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Cancer Cases Will Rise to 22 Million Per Year

Update Date: Feb 03, 2014 09:59 AM EST
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Despite advances in science and technology, cancer cases will soar according to the World Health Organization (WHO). The agency reported that for the next two decades, the world could expect to have an estimated 22 million new cancer cases to deal with every single year. WHO stated that the cancer cases would be predominately caused by global aging and the spread of cancer in developing nations.

According to WHO's International Agency for Research on Cancer (IRAC), the number of cancer cases has steadily risen over the years. In 2008, the incidence of cancer throughout the world was 12.7 million. Within just four years, that number rose to an estimated 14.1 million new cancer cases per year. The IRAC reported then that the leading causes of death due to cancer were lung, liver and stomach tumors.

The IRAC predicted that within the next 20 years, the global incidence of cancer could skyrocket up to 22 to 25 million new cases per year. Within the next decades, the number of cancer cases will jump because there will be more people reaching their senior years. Based on several studies, aging has been tied to the development of cancers.

The researchers also stated that these cancer cases would hit low- and middle-income countries the hardest. In these countries, the types of cancers that will affect them the greatest are the ones caused by lifestyle habits, such as smoking, drinking and poor diet. These countries also have poor screening methods and accessibility to these screening tools for cancers caused by infections, such as cervical cancers. For more advanced and developed countries, the cancer cases would also affect their economies drastically.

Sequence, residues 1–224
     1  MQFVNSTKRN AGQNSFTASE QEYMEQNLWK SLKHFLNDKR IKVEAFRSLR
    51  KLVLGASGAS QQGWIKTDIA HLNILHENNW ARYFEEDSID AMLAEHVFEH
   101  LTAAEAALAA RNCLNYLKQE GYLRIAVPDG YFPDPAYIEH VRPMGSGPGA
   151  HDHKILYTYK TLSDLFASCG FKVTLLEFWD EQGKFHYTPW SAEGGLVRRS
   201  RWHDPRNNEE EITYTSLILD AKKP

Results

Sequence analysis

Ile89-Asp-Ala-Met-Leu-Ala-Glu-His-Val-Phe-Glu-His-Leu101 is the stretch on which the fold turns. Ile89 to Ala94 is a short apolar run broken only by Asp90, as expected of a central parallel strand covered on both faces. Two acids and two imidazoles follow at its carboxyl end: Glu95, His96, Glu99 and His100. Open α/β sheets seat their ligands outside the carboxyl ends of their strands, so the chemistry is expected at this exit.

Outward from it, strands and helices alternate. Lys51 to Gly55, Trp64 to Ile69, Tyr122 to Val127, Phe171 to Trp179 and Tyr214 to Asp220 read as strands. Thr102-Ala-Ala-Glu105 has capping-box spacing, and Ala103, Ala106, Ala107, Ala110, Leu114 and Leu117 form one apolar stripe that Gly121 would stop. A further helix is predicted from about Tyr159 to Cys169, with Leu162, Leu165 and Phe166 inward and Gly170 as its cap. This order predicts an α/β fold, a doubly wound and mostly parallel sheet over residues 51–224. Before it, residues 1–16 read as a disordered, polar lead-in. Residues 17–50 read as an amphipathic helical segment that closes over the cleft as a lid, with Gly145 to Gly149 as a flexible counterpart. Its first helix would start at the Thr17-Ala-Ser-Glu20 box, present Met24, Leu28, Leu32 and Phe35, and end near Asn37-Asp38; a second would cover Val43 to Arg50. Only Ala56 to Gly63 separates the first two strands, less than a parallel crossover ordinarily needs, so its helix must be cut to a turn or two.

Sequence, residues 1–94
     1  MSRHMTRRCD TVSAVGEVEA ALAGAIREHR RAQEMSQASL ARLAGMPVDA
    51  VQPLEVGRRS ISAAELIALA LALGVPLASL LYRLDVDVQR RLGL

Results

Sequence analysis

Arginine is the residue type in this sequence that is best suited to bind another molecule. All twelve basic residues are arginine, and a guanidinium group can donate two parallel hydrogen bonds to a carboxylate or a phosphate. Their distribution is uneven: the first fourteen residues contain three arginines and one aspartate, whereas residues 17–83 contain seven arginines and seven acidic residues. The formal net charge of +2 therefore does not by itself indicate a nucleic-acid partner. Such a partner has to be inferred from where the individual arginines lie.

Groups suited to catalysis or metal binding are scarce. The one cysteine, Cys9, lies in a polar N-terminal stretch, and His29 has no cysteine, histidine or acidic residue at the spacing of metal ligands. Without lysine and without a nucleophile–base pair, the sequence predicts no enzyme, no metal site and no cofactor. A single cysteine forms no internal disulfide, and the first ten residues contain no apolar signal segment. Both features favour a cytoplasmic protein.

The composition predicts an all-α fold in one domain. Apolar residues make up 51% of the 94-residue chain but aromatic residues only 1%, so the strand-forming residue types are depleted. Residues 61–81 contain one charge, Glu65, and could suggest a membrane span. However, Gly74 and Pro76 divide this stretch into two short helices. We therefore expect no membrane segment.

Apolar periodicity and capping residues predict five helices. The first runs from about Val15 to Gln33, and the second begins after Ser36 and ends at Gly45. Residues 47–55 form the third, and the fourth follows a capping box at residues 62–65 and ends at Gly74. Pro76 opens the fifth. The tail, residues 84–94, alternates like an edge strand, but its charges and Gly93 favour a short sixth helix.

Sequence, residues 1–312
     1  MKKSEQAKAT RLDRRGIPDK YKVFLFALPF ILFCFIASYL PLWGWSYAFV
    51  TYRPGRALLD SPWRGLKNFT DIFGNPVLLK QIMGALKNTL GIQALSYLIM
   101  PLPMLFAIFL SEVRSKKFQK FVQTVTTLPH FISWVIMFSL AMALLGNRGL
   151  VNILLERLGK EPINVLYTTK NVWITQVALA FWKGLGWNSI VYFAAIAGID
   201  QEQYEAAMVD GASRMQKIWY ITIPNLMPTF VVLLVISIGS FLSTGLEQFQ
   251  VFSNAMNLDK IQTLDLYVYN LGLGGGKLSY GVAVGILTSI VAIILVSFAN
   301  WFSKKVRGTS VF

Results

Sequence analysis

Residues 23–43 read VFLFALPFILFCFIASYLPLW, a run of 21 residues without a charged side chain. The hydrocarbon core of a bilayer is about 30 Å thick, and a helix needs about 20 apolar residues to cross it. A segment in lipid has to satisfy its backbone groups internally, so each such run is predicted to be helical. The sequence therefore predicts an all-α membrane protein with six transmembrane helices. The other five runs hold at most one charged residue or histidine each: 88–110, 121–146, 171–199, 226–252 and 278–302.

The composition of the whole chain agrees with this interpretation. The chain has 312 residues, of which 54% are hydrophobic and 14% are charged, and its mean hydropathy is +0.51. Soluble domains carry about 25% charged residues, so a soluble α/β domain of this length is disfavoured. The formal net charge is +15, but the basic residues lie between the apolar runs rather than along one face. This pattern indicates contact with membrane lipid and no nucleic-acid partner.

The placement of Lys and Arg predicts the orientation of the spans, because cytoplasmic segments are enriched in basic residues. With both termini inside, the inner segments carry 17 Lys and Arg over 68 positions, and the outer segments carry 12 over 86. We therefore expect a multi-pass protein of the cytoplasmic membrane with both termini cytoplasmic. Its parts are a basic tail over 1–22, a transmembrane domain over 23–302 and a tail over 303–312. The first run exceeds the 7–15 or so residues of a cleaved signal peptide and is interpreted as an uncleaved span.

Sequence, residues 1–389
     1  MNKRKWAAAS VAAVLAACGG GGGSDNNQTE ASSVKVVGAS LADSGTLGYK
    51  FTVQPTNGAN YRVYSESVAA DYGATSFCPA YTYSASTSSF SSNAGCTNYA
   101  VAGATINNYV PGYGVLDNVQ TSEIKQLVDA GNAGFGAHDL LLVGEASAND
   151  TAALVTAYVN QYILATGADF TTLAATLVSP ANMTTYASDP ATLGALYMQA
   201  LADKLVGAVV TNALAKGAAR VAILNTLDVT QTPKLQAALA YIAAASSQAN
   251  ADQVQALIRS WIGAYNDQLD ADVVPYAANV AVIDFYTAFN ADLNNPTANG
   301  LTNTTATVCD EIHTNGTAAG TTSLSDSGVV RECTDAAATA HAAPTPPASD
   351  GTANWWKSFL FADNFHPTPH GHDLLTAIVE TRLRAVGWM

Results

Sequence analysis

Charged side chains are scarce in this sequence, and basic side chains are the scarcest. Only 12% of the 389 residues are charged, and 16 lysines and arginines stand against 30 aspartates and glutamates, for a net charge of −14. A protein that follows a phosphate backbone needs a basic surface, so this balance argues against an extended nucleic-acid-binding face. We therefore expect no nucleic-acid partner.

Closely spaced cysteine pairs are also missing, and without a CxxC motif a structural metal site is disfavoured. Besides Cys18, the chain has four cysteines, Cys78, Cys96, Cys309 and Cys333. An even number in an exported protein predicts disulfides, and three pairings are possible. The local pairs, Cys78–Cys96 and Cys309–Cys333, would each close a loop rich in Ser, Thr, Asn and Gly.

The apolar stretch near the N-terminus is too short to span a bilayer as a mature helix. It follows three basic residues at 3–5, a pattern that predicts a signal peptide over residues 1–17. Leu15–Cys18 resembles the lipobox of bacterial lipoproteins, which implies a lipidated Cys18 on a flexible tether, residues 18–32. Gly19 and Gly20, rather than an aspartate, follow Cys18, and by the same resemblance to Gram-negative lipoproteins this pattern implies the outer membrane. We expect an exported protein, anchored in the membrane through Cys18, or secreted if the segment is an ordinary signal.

"Despite exciting advances, the report shows that we cannot treat our way out if the cancer problem," said Dr. Christopher Wild, director of the IRAC and joint author of the report, reported by the Guardian. "More commitment to prevention and early detection is desperately needed in order to complement improved treatments and address the alarming rise in cancer burden globally."

The IRAC stated that countries should focus on encouraging their residents to adopt an overall healthier lifestyle, which includes healthy eating and good physical activity.

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